Ringers' appeal to save Eastbourne church's historic bells
A clutch of dedicated people at an Eastbourne church are ringing to save their historic bells.
Thanks to a group of bell ringers, the peals of chiming bells can be heard in the roads all around All Saints Church.
But if dramatic restoration work is not carried out soon they may be silent forever.
Captain of the Bells David Leworthy invited the Herald to the 40ft tower to see why this would be a great loss to Eastbourne.
He said, “When people are ill or by themselves at home they hear the bells and sometimes it gives them comfort. A woman came to me and said she was suffering from depression and she really looked forward to hearing the bells ringing because it reminded her of her childhood.”
A fresh band of ringers started at the church in Grange Road in 2007, when expert advice indicated major work needed to be carried out. So the team are hoping to raise up to Â£75,000 to preserve their beloved 134-year-old bells. They may cease to be ringable if the work is not carried out.
David said, “The thing about bell ringing is you never learn everything. When you are in the tower everyone’s equal, regardless of age, background, everything. We are all equal when we come through that door.”
The people who showed up to the regular Monday night training session were a diverse bunch ranging from a teacher to a farmer, gardener, railwayman and research scientist.
Its youngest member is 12-year-old Lucy Kelly who is very enthusiastic for the hobby and has been training for more than 10 months. David said, “It’s really great having Lucy and other youngsters come. We all get pleasure seeing them learning.”
Lucy said her grandpa encouraged her to go along. “It just clicked and I really enjoyed it,” she said, “It’s a sport to me, it’s hard work and it pushes me.”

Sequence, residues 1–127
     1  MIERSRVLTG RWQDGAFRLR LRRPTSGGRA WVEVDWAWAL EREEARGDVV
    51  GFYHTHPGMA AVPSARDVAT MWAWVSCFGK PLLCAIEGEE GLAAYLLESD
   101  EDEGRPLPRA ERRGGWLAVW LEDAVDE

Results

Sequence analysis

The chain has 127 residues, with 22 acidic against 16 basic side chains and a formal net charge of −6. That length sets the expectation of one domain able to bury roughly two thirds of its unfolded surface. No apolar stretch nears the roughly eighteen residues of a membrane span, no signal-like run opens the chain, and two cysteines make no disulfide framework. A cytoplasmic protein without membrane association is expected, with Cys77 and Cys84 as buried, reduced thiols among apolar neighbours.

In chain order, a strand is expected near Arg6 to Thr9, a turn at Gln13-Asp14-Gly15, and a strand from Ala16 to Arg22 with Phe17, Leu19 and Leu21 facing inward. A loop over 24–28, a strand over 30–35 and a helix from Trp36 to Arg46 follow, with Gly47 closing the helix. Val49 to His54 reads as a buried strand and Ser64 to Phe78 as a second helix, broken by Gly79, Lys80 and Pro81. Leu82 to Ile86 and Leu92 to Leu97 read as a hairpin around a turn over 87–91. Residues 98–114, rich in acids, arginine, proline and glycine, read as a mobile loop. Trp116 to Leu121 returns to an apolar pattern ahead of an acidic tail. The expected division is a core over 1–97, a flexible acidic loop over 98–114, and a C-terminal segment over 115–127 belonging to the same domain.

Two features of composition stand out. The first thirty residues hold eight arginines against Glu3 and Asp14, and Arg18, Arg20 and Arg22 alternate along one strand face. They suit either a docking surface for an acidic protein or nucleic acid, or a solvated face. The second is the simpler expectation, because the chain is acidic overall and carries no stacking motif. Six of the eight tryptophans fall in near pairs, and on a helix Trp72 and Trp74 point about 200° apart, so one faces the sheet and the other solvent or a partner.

Everyone was at different levels of learning but the pure joy and delight when getting a chime right was clear to see. They said someone had been ringing there in the tower almost 150 years ago and it would only be right to keep the folk art tradition alive.
Ringer Caroline O’Grady said, “I have been doing it less than a year but it’s really good fun, you don’t have to be physically strong, it’s about timing. It’s very satisfying when it goes right.”
While Debbie Evans, a seasoned bell ringer who performs around the county, said, “There’s always something challenging about bell ringing, there’s another step and another step and another step...It does feel like a very traditionally English thing to do. You are calling people to church and weddings, it’s a traditional thing and makes you feel pleased that you are part of that.”
Weighing a combined four tonnes, the eight bells were added to the church when the tower was completed back in 1883. They rang when Queen Victoria died and survived a massive fire that gutted the church in 1927.
Pip Pawley has produced a detailed leaflet into the history of the bells. He wrote, “The preservation of the bells cast 134 years ago with their inscriptions and timeless sound is an important responsibility for maintaining our heritage for future generations.”